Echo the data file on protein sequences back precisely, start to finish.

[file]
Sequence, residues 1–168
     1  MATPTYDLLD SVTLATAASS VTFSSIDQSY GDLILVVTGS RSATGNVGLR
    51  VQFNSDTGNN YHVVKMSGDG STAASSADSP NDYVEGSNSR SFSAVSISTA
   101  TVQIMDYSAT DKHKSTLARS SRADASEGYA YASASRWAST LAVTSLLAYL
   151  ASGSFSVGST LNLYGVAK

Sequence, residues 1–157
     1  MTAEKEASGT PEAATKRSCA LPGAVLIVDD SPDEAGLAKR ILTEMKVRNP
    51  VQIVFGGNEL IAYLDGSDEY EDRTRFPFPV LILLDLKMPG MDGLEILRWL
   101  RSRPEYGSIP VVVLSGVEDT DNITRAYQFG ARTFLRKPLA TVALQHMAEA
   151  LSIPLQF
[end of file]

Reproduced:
Sequence, residues 1–168
     1  MATPTYDLLD SVTLATAASS VTFSSIDQSY GDLILVVTGS RSATGNVGLR
    51  VQFNSDTGNN YHVVKMSGDG STAASSADSP NDYVEGSNSR SFSAVSISTA
   101  TVQIMDYSAT DKHKSTLARS SRADASEGYA YASASRWAST LAVTSLLAYL
   151  ASGSFSVGST LNLYGVAK

Sequence, residues 1–157
     1  MTAEKEASGT PEAATKRSCA LPGAVLIVDD SPDEAGLAKR ILTEMKVRNP
    51  VQIVFGGNEL IAYLDGSDEY EDRTRFPFPV LILLDLKMPG MDGLEILRWL
   101  RSRPEYGSIP VVVLSGVEDT DNITRAYQFG ARTFLRKPLA TVALQHMAEA
   151  LSIPLQF